# complex convolution

Started by May 11, 2005
```Rune Allnor wrote:
(snip)

> While I suspect the conjugate/no conjugate issue could be
> a matter of convention, an appealing argument in favour of
> no conjugates is that the frequency-domain expression
> becomes

>     Y(w) = X(w)H(w)

> where Y(w), X(w) and H(w) are Fourier transforms of complex-
> valued y(t), x(t) and h(t), respectively.

Well, it could also be written as Y(w) = X(w)H*(w)

My guess is that in the end it will be just as obvious as the sign
rule for multiply and divide, though I can't follow the argument
all the way through right now.

-- glen

```
```Thanks for all replies. Is it mean that convolution of two complex
sequences processes is really similar with the convolution of two real
sequences? If so, might I use matrix reprentation of complex
convolution as Toeplitz matrix as well as representation matrix of real
convolution?

Many thanks.

Regard,
Estdev

```
```estdev wrote:
> Thanks for all replies. Is it mean that convolution of two complex
> sequences processes is really similar with the convolution of two
real
> sequences?

Yes.

> If so, might I use matrix reprentation of complex
> convolution as Toeplitz matrix as well as representation matrix of
real
> convolution?

Yes.

Rune

```
```Hi Glen,

You wrote that we can write complex convolution as Y(w) = X(w)H*(w). It
means H(w) and X(w) are complex number. So we convolve two complex
sequences. Is it correct?

Then how to calculate those convolution? I mean we have real part and
imaginary part. please explain to me?

Thanks.

regard,
estdev

```
```Hi Brad,

Do you mean we can calculate real and imaginary part convolution
separately? So what is the convolution result/output will be? real form
or also in complex form?

Thanks.

regard,
estdev

```
```estdev wrote:

> You wrote that we can write complex convolution as Y(w) = X(w)H*(w). It
> means H(w) and X(w) are complex number. So we convolve two complex
> sequences. Is it correct?

> Then how to calculate those convolution? I mean we have real part and
> imaginary part. please explain to me?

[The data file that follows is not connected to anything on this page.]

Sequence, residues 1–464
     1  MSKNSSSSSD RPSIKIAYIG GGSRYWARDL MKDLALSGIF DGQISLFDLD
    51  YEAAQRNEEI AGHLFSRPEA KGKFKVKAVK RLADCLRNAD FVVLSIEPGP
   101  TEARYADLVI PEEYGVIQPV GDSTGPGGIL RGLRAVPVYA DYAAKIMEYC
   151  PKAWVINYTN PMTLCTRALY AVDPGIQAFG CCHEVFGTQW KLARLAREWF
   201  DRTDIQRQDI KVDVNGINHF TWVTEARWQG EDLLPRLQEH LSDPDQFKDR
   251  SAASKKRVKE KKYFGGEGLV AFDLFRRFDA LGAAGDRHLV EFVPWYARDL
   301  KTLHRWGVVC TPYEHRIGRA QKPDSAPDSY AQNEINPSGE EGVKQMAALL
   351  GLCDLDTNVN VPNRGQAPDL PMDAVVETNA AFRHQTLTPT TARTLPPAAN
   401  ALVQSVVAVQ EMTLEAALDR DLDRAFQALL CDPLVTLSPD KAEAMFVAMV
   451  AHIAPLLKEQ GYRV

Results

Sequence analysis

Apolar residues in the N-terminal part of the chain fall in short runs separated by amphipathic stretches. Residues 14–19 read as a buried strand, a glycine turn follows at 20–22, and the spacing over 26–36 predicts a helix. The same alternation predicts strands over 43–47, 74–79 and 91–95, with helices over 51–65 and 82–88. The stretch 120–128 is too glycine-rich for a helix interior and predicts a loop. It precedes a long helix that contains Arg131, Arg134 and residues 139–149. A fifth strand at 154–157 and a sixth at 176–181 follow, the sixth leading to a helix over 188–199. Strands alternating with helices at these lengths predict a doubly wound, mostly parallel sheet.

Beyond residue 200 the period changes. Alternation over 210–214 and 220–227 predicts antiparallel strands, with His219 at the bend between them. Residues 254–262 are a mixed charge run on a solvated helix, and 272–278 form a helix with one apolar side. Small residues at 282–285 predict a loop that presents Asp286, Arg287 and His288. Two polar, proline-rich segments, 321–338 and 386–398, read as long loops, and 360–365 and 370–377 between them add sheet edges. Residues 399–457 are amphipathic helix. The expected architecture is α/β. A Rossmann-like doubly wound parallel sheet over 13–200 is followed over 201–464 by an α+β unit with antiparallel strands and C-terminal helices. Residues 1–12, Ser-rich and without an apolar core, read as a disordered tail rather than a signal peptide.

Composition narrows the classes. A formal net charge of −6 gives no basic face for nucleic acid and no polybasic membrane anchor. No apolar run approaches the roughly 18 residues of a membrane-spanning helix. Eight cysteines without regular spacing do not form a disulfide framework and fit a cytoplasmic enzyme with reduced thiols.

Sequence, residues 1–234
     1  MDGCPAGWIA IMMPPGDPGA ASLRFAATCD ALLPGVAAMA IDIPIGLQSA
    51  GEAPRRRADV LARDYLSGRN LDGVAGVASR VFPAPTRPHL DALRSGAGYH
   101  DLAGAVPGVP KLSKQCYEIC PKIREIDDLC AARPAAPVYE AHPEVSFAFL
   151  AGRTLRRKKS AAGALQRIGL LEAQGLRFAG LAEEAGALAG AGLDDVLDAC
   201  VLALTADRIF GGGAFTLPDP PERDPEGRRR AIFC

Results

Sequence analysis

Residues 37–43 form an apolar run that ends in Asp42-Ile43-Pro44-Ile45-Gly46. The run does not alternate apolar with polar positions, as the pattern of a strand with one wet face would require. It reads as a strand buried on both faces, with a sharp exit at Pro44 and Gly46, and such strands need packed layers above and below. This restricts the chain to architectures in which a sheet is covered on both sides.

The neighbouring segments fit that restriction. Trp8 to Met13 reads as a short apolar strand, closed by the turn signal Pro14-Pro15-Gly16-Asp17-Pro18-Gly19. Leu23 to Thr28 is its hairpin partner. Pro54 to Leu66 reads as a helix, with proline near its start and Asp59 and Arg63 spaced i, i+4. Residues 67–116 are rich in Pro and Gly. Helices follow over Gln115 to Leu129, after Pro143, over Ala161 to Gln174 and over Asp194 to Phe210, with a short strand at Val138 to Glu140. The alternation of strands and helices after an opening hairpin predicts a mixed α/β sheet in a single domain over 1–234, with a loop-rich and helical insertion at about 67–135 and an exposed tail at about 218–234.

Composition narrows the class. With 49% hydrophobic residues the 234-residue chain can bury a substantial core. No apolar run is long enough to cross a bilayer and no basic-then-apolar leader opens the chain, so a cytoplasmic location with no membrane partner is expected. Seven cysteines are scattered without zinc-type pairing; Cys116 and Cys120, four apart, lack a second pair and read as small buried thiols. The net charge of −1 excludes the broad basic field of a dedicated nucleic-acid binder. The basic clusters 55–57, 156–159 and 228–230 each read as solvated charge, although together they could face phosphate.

For real convolution the Fourier transform of the convolution is the
product of the transforms of the two functions being convolved.

The question, then, is what happens for complex convolution.  Someone
suggested that if the product still applies that would define the
complex convolution.  I didn't go all the way through the math, but
suggested that it might be the product of one with the conjugate of
the other.  It seems that it might have the right symmetry, but
I didn't test it.

-- glen

```
```On 12 May 2005 06:51:45 -0400, Randy Yates
<randy.yates@sonyericsson.com> wrote:

>"Matt Timmermans" <mt0000@sympatico.nospam-remove.ca> writes:
>
>> "Fred Marshall" <fmarshallx@remove_the_x.acm.org> wrote in message
>> news:9qKdnap81OQ9Ox_fRVn-oQ@centurytel.net...
>> > Tim,
>> >
>> > I think convolution is the simplest form with no conjugates.
>> > Correlation uses the conjugate of one of the arguments.
>>
>> Yes, but now the OP needs an authoritative reference:
>>
>> http://mathworld.wolfram.com/Cross-Correlation.html
>
>A good, authoritative hardcopy reference on the subject is
>
>@BOOK{bracewell,
>  title = "{The Fourier Transform and Its Applications}",
>  author = "{Ronald~N.~Bracewell}",
>  publisher = "McGraw-Hill",
>  edition = "second, revised",
>  year = "1986"}

Ah yes,
Bracewell's book is a bit hard to read,
but there's much info there if you keep
"digging away" at it.  And that book has the most
beautiful artwork I have ever seen in a book.

See Ya',
[-Rick-]

```